Belfast Telegraph

50 Jobs in 50 Days: Six easy ways an employer can find an apprentice

1. If you are an employer who wants to take on an apprentice as part of our campaign, please let us know by telephoning Margaret Canning on 028 9026 4443 or emailing btapprentices@gmail.com

2. Please also contact the Department for Employment and Learning to find out about the apprenticeship system in Northern Ireland, on 0800 028 4161. You can also visit http://www.nidirect.gov.uk/index/|information-and-|services/education-and-learning/14-19/starter-skills-16-18/apprenticeshipsni/apprentices

3. You can find your apprentice by advertising in the usual way through the press or job centres or by going to a training supplier, which will have details of young people looking for apprentices

4. Remember that you must employ your apprentice on a permanent contract to work at least 21 hours a week, including time for ‘off-the-job’ training with a training supplier. The training supplier will help you draw up your contract with the apprentice

5. The Department for Employment and Learning will fund the costs of the ‘off-the-job’ training in all apprentice frameworks for the under-25s. Those over 25 will have 50% of their training paid for — but only if they are training in one of a defined list of economically important sectors, including food and drink, IT and creative and digital media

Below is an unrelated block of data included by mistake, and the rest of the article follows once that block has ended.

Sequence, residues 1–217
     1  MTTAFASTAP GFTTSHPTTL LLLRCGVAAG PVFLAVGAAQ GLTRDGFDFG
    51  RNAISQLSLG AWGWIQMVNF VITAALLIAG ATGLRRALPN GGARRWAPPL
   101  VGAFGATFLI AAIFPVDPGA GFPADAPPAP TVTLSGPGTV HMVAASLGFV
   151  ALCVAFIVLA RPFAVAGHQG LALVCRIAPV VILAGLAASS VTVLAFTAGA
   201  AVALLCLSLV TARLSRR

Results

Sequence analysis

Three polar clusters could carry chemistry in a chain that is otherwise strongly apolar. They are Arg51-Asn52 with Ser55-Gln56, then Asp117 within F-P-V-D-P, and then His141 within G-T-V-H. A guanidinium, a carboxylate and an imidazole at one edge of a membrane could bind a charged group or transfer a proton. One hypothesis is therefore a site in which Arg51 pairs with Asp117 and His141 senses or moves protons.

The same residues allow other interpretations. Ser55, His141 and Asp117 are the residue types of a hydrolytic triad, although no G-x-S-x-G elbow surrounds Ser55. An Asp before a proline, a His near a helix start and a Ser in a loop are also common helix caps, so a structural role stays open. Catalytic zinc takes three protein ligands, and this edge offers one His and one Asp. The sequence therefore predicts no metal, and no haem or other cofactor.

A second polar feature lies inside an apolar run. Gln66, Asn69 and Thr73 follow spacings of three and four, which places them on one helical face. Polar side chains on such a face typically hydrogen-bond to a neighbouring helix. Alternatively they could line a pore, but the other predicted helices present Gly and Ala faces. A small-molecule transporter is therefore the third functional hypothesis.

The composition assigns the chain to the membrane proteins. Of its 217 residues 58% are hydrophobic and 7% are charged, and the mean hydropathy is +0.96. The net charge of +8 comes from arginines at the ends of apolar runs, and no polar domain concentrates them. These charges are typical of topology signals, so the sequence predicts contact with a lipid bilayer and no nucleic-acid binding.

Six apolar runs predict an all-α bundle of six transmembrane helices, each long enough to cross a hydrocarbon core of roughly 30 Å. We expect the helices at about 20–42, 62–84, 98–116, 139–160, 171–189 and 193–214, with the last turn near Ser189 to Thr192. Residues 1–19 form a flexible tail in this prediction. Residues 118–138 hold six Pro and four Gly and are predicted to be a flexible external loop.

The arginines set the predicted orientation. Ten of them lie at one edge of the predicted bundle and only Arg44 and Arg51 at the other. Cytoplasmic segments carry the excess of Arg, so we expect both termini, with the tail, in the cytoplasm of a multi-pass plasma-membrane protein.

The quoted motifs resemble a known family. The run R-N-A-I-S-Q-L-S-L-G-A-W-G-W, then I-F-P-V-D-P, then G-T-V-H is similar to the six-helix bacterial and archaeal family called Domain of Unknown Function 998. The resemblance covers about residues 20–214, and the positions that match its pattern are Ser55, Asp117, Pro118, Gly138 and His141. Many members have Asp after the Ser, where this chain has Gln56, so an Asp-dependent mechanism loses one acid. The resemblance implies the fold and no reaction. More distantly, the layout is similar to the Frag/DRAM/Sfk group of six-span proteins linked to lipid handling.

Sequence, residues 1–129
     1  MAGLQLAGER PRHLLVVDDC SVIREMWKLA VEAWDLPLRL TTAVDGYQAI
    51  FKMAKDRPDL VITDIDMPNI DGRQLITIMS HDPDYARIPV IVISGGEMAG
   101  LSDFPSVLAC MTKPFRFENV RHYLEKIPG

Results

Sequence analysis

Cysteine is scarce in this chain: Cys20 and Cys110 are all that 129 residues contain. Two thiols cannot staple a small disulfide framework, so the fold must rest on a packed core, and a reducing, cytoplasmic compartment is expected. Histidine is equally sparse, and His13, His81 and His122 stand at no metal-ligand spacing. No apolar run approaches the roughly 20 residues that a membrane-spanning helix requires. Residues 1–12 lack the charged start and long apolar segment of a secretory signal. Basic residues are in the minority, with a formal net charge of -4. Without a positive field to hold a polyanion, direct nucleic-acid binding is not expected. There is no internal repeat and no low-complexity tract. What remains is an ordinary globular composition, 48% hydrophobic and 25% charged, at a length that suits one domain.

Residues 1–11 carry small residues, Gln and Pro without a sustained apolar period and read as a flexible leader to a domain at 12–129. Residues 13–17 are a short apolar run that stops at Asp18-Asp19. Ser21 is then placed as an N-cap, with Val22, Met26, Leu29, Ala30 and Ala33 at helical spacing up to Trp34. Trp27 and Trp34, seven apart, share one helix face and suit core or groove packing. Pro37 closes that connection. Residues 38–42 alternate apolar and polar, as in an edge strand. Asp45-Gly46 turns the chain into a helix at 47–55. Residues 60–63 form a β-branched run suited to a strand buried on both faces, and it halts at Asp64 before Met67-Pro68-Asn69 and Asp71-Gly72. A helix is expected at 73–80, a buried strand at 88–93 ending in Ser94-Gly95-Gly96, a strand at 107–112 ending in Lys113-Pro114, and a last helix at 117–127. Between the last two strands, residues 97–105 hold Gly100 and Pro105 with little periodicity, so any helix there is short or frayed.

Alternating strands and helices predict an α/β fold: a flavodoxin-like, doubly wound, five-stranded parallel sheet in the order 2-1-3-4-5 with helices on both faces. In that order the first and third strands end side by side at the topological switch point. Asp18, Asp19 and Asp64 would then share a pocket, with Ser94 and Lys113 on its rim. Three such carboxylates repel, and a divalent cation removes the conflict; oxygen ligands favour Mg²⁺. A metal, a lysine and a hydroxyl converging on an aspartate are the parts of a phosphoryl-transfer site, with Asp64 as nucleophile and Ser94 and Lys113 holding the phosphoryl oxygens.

6. An incentive payment is also offered to employers of apprentices who successfully complete the programme of between £250 and £1,500

 

... and six advantages of an apprenticeship for a young person:

 

1. You will ‘earn as you learn’ and have the security of an employment contract

2. There are around 100 apprenticeships to choose from, for example computer science, motor vehicle, mechanical engineering and retail

3. There are areas such as engineering and hairdressing which are typically associated with apprenticeships, but check out other sectors such as IT and accountancy

4. You will avoid the burden of student loans and tuition fees and in some programmes, you will emerge as well qualified as someone who has attended university course

5. You can get started on your career from the young age of 16-plus. The ‘off-the-job’ training will be paid for all under-25s, giving an employer an extra incentive to take you on. If you are over-25 you can still become an apprentice — but government will only fund 50% off your training, and that is only where your apprenticeship falls into a restricted number of sectors

6. The importance of apprenticeships is gaining recognition. Exam results still count and you will need minimum GCSE passes in Maths and English. Many people with degrees later complete apprenticeships in order to get a into a different career. Call 0800 0854 573

If you are an employer who wants to take on an apprentice as part of our campaign, please let us know by telephoning Margaret Canning on 028 9026 4443 or emailing btapprentices@gmail.com

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